Sony A7R V vs Sony A1

Sony has a history of stuffing more power, more features and more speed into every model, pushing the envelope in all directions at once. That’s certainly the case with the Sony A7R V, the ‘resolution’ specialist in the Sony Alpha range – which benefits from an upgrade on virtually everything EXCEPT resolution!

The great titles of Sony A7R V are a new 8K video capture capability, 10fps continuous shooting now with huge buffer capacity and a new AI processing unit which, among other things, takes subject recognition and tracking to a new level .

All of this clearly puts the A7R V on a collision course with the mighty flagship. Sony A1a camera that costs over 50 per cent more and on paper seems to fall behind the A7R V in several respects.

So if you want it best sony camera you can get now, or the best camera for professionals, you have a little dilemma. After all, the Sony A7R V is one of the highest resolution cameras on the market.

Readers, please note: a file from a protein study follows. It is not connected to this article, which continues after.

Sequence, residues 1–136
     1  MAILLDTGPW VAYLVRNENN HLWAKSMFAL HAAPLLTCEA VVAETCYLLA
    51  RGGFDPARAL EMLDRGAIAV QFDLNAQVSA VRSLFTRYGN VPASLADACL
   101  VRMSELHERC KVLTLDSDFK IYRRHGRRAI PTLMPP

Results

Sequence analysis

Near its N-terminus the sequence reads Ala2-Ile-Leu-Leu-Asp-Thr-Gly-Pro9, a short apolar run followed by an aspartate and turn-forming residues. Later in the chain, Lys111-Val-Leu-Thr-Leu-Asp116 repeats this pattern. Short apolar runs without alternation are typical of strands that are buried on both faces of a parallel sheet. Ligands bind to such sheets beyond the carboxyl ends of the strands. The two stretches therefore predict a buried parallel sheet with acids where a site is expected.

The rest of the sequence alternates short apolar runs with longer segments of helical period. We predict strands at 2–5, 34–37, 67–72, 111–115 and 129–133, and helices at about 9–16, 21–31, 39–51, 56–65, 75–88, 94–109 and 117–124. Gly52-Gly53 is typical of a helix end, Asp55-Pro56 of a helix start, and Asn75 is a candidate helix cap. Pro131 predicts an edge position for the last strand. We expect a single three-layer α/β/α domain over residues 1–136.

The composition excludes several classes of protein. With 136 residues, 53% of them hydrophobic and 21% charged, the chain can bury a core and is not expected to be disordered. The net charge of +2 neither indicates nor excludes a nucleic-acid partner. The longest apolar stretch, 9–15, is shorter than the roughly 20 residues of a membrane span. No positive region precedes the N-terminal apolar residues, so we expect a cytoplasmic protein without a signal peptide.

So let’s take a look at the key differences between the Sony A7R V and the Sony A1 to see where one beats the other and what that means for photographers.

Sony A7R V vs Sony A1

1. Sensor

The Sony A1 derives its speed from its stacked sensor design and dual BIONZ XR processors. (Photo credit: Sony)

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• Sony A7R V: 61 MP back-illuminated Exmor R CMOS sensor, 240 MP pixel shift
• Sony A1: 50.1-megapixel stacked Exmor RS CMOS sensor, 199-megapixel pixel-shift

These cameras may look similar overall in resolution, but they use two different types of sensors. The Sony A7R V uses the same 61MP back-illuminated sensor design as its predecessor, the A7R IV. Some will have hoped that Sony would up the resolution on the new model, but in all honesty, 61MP is probably plenty. That’s certainly more than the more expensive Sony A1’s 50MP.

However, the A1 uses a faster and more advanced “stacked” sensor design, which allows it to offer much faster burst shooting speeds and more advanced video options, even though they look similar on the paper. More information on this shortly.

2. ISO range

• Sony A7R V: ISO 100-32000 (exp 50-102400)
• Sony A1: ISO 100-32000 (Exp ISO 50-102400)

Surprisingly, perhaps, the Sony A1’s stacked sensor design and slightly lower resolution don’t extend the ISO range further. Both go up to ISO 32,000 or ISO 102,4000 in extended mode, so while they’re both perfectly capable of shooting in low light, that’s not exactly their speciality.

3. Raw formats